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When Nora Smith's marriage ended in 2000, retirement was far from her mind. At 54, she had no job, a distant employment history, minimal savings and relatively scant funds coming from the settlement with her ex-husband. Remaking her life and finding enough money for daily needs were her biggest challenges.

Now 69 and managing on money coming from government income supplements and casual babysitting, the Ottawa woman is living much the same existence, and she's worried she won't have enough for her later years.

"I have to think day-to-day," says Ms. Smith (not her real name). "You don't have time to mentally prepare for what's ahead."

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It's a typical situation for older women experiencing "grey divorce," retirees of the baby boom generation and before who end up with dramatically reduced incomes when they split up.

"The fact is that the most successful marriages can end in divorce, even after 35 or 45 years," says Carien Jutting, a certified financial planner and president of Fiscal Wellness Inc. in Stratford, Ont., who specializes in retirement income. "When there is a divorce at that point, women are affected financially more than men."

Ms. Jutting says women work less and earn less money, yet they save more and live longer than men. When it comes to retirement, they are twice as likely as men to live in poverty. She offers a free on-demand seminar through her website on women and wealth, particularly focused on those who are divorced, widowed and single, with an information booklet that includes checklists for women entering into divorce and postdivorce.

Grey divorcees are typically worse off than widows, who are often entitled to insurance settlements and the entire pool of savings when their husbands die, she notes. The elderly poverty rate for divorced women is twice the rate for divorced men.

Many women depend on their husbands for financial security, although roughly half of first marriages and an even higher number of second and third marriages result in divorce, Ms. Jutting explains. "Your partner should not be your retirement plan."

Ms. Smith, who cared for her family's home and two children and also helped in her husband's office, says divorce later in life comes as a shock and a blow to the self-esteem. Her husband declared insolvency during the divorce proceedings, and the Ontario Family Law Act provision for lifetime spousal support was not applied. The payments tailed off to nothing beginning when she was 62.

"Who was going to hire me at 62?" she asks.

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Spousal support payments are taxed yet are not considered income to qualify for Canada Pension Plan payments, which discriminates against divorced women, Ms. Smith says. She'd like to see changes to CPP and to the Family Law Act, as well as adjustments in Canada Revenue Agency's taxation of people at lower incomes.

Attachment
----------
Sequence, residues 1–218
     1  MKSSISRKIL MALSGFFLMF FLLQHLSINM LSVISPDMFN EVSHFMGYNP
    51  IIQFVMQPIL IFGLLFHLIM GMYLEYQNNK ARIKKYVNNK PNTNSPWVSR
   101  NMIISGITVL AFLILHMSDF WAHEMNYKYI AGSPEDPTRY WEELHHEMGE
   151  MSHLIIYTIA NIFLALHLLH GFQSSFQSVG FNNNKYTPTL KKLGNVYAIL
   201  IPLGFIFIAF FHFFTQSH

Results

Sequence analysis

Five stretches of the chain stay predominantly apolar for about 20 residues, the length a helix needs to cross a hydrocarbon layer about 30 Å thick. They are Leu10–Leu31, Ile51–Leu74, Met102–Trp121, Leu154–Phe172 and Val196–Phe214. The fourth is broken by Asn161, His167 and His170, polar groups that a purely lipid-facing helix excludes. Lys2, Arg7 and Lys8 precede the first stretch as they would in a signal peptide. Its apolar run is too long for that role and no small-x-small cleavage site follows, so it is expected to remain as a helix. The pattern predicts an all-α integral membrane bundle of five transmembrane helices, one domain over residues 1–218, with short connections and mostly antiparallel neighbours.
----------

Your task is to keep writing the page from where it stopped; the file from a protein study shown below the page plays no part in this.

She says she's "luckier than most," as she was able to buy a townhouse with her proceeds from the marital home, albeit with a mortgage. Today she receives $775 a month from CPP and $560 in Old Age Security. She has a small cottage left by her family and about $250,000 in RRSPs, her share of what was accrued during the marriage, which she occasionally has to pull money out of when she faces extra expenses. At 71 she will have to convert the RRSP to a RRIF and begin to draw the funds down.

She considers herself financially savvy, thinking creatively to save money, making soups and stews, entertaining with friends and looking for free events to attend. "Money is not elastic; you can only stretch it so far."

Ms. Jutting says that such situations are not unusual. Women who are married should protect themselves by becoming educated about the family finances as early as possible.

"Open up those statements that come into the house and study them. Get a credit history and review your tax returns," she says. "Get a good handle on your finances, because you don't know how or when you're going to lose your partner."

Ms. Jutting encourages women who are divorced to see a certified financial planner, who can offer strategies on creating retirement income. "You need to figure out your new game plan."

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Women like Ms. Smith should work out a budget and make sure they receive every social security benefit they are entitled to. Among the government subsidies triggered by low income levels are the Trillium program in Ontario and the Guaranteed Income Supplement, as well as HST rebates and grants that help seniors pay property taxes.

She notes that once Ms. Smith's RRSP is converted into a RRIF and invested with a reasonable 5-per-cent return, it could yield payments of $1,000 a month until she turns 99. However, Mrs. Smith is afraid that this amount, in addition to the CPP and OAS she receives, could trigger a larger tax bill. She also notes that government subsidies and rebates apply only to very low incomes.

Ms. Jutting points out that divorced women considering remarrying or co-habiting should be careful and consider drawing up a marriage contract that ensures they retain their existing assets if there's a breakup.

"Don't get caught twice," she adds.

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